Today at Ethika Politika, in my essay “Prefacing Yoder: On Preaching and Practice,” I look at the recent decision of MennoMedia to preface all of Mennonite theologian John Howard Yoder’s works with a disclaimer about his legacy of sexually abusive behavior:
Whatever one thinks of MennoMedia’s new policy or Yoder’s theology in particular (being Orthodox and not a pacifist I am relatively uninterested myself), this nevertheless raises an interesting concern: To what extent ought the character of a theologian matter to their readers and students?
While I am unsure whether MennoMedia has handled this rightly, I appreciate the effort on their part not to turn a blind eye to the complexity of this issue. When it comes to theologians and teachers of morality, personal character does matter, though certainly poor character does not justify dismissing off-hand all a theologian says.
Yet, as I note at Ethika Politika, “while one may be able to study all the mechanics of swimming, for example, and teach them to others from a purely technical point of view, people would naturally be skeptical about the value of this teaching if they discovered their teacher could not actually swim.” Thus, I do not find it surprising or unfounded to be skeptical of Yoder. But what caused this situation? As Lord Acton wrote, “Power tends to corrupt.”
In fact, it is worth noting that Acton’s famous dictum is not limited to the power of the state. He writes to Bishop Creighton in 1887,
… I cannot accept your canon that we are to judge Pope and King unlike other men, with a favourable presumption that they did no wrong. If there is any presumption it is the other way, against the holders of power, increasing as the power increases. Historic responsibility has to make up for the want of legal responsibility. Power tends to corrupt, and absolute power corrupts absolutely. Great men are almost always bad men, even when they exercise influence and not authority: still more when you superadd the tendency or the certainty of corruption by authority. There is no worse heresy than that the office sanctifies the holder of it. That is the point at which the negation of Catholicism and the negation of Liberalism meet and keep high festival, and the end learns to justify the means. You would hang a man of no position, like Ravaillac; but if what one hears is true, then Elizabeth asked the gaoler to murder Mary, and William III ordered his Scots minister to extirpate a clan. Here are the greater names coupled with the greater crimes. You would spare these criminals, for some mysterious reason.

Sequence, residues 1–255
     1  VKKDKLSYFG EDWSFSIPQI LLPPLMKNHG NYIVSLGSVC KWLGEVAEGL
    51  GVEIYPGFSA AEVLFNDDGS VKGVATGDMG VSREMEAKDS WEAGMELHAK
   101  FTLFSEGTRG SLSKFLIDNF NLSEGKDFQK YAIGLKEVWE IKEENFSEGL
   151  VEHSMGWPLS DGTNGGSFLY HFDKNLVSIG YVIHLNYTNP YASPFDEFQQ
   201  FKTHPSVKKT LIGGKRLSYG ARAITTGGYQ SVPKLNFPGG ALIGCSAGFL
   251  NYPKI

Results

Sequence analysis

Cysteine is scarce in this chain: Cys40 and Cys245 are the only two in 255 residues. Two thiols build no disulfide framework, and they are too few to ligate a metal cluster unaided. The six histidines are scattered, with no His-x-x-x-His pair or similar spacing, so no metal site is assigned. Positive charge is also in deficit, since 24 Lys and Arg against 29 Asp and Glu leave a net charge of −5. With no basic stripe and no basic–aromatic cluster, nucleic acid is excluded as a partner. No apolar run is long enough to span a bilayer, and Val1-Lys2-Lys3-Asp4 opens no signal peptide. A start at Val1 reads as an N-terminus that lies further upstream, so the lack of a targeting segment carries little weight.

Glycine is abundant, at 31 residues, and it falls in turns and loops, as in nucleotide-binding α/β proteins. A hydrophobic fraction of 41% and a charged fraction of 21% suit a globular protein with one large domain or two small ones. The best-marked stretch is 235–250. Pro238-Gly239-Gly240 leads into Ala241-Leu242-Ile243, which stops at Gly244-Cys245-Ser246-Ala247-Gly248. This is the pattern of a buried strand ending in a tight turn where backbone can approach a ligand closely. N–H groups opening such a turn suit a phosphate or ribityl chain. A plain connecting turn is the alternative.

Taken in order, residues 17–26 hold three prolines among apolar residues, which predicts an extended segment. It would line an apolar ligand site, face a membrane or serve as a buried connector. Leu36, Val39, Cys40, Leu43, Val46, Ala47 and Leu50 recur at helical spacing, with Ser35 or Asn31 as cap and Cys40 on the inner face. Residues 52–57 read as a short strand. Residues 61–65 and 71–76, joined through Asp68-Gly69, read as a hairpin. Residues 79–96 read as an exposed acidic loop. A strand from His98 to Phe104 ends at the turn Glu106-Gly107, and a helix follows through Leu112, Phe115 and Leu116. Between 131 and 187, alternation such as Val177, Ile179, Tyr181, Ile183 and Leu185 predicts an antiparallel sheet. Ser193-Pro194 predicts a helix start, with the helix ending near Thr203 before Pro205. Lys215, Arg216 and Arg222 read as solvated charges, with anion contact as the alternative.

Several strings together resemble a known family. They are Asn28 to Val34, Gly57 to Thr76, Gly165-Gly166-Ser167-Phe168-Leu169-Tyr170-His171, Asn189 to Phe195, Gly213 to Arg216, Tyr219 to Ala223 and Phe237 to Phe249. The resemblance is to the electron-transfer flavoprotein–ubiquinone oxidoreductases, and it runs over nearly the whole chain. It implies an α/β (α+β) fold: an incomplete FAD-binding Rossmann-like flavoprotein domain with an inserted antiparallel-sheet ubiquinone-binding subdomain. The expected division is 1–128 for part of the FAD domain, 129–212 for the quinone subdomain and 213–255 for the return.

For Acton, no one of any rank, of Church or state or otherwise, was exempt from “the tendency or the certainty of corruption by authority.”
Yoder, a professor of theology at Anabaptist Mennonite Biblical Seminary and then at Notre Dame, used his position of power for some of the most scandalous corruption.
And, unfortunately, the tendency during his life was mostly to look the other way. As Mark Oppenheimer reported for the New York Times this October,
In 1992, after eight women pressured the [Mennonite Church USA] to take action, Mr. Yoder’s ministerial credentials were suspended and he was ordered into church-supervised rehabilitation. It soon emerged that Mr. Yoder’s 1984 departure from what is now called Anabaptist Mennonite Biblical Seminary, in Elkhart, Ind., had also been precipitated by allegations against him. He left for Notre Dame, where administrators were not told what had happened at his last job.
While one cannot know the verity of Yoder’s repentance, the decision to add a disclaimer at the front of his works casts doubt. In any case, his actions serve as a warning against students (or churches, for that matter) idolizing theologians and professors.
In 1992, Ms. Heggen, who now lives in Oregon, published a book about sexual abuse. Traveling the world, lecturing about her book, she said she met “significantly” more than 50 women who said that Mr. Yoder had touched them or made advances.
“Women inevitably come up after these events and tell you their story,” Ms. Heggen said. “The scenario was so familiar to me, and I would interrupt them and say, ‘Are you talking about John Howard Yoder?’ They would say, ‘How did you know?’”
The classic Spiderman character uncle Ben is known for the dictum: “With great power comes great responsibility.” The corollary of that would be that with great power comes great temptation. Or, for that matter, with any power comes temptation. Sadly, Yoder’s story is far from unique. Similar stories plague positions of power in all spheres of life.
In the end, “the certainty of corruption by authority,” and the case of John Howard Yoder in particular, ought to be a reminder to Christians about the great social significance of asceticism. No matter how many policies are put in place and laws are written, good governance (ecclesiastical, educational, civil, or otherwise) begins with self-governance. And self-control, St. Paul tells us, is a fruit of the Spirit (Galatians 5:22-23). That is, self-control is a fruit of a lifestyle of self-denial, of living in the grace of Jesus Christ, and of walking according to the Holy Spirit.
Though, as I emphasize at Ethika Politika, we all have our failings, the fruit of the Spirit ought to characterize the lives of the theologians among us. For, as Abba Evagrios of the Egyptian desert puts it, “If you are a theologian, you will pray truly. And if you pray truly, you are a theologian.” True theology, according to Evagrios, comes from the spiritual discipline of prayer. And one of the most important ways that we can put the corrupting tendency of power in check is for us to constantly acknowledge that God alone can incorruptibly bear absolute power, praying that “this corruptible” flesh of ours would “put on incorruption” (1 Corinthians 15:53), knowing that what is impossible for us is possible with God.
Read my full essay at Ethika Politika here.